Could a man walk across a swimming pool filled with Mercury? Don't ask me how the conversation had reached this point, but being surrounded by friends, who would, it is fair to say, describe themselves as science illiterate, I knew it was up to me, the token scientist around the table, to give the definitive answer. "No." I confidently said, adding rather smugly, "it is nowhere near dense enough." The next morning I was rudely awakened by my ringing mobile; I was wrong! Elemental Mercury, a liquid at room temperature, is 13 times denser than water. Enough it turns out to support a man of average build and yes, if you type man sitting on Mercury into Google, you'll quickly find a 1972 photograph, published in National Geographic of a man suited and booted, sat unaided, albeit a little nervously, on top of a tank of rippling Mercury. I've been unequivocally proved wrong, but within a fraction of a second, this feeling had been transformed to sheer amazement. Amazement not just at the fact that Mercury was so dense it could support a man, but more pressingly that the man in question was very likely giving himself a lethal dose of Mercury poisoning in one fatal pose. Surely even in 1972, this kind of activity was seen as an exceptionally bad idea. This of course was not the first time that man has been lowered in by Mercury.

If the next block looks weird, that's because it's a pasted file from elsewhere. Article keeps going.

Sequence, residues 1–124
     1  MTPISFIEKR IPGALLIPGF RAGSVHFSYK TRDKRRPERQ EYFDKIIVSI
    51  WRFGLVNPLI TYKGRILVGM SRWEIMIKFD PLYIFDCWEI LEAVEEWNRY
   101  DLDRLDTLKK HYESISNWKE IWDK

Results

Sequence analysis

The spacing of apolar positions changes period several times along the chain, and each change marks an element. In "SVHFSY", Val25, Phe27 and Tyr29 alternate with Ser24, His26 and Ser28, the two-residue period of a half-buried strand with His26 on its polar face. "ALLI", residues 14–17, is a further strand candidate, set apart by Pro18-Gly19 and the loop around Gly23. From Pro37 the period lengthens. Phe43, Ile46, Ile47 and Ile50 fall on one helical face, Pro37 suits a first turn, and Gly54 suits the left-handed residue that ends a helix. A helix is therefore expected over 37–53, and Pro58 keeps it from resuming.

With its Greek name, hydrargyrum, literally meaning liquid silver it's perhaps unsurprising that for the last three millennia, civilizations have been transfixed, believing Mercury held wondrous physical and spiritual properties, but often those who dabbled reached an unpleasant and mercurial end. The Romans were renowned for using it in cosmetics, often disfiguring their faces in the process. The Egyptians were buried with it to illustrate their civilizations' mining prowess and the ancient Chinese drank lethal Mercury cocktails seeking eternal life and well-being. In deed, Chinese first emperor, Qin Shi Huang is said to have believed so strongly in the magical properties of Mercury that he died seeking immortality by coughing out Mercury and powdered jade, pick-me-up. His tomb yet to be fully unearthed is thought to be surrounded by great rivers of the element and guarded by the 8000 soldiers of the terracotta army.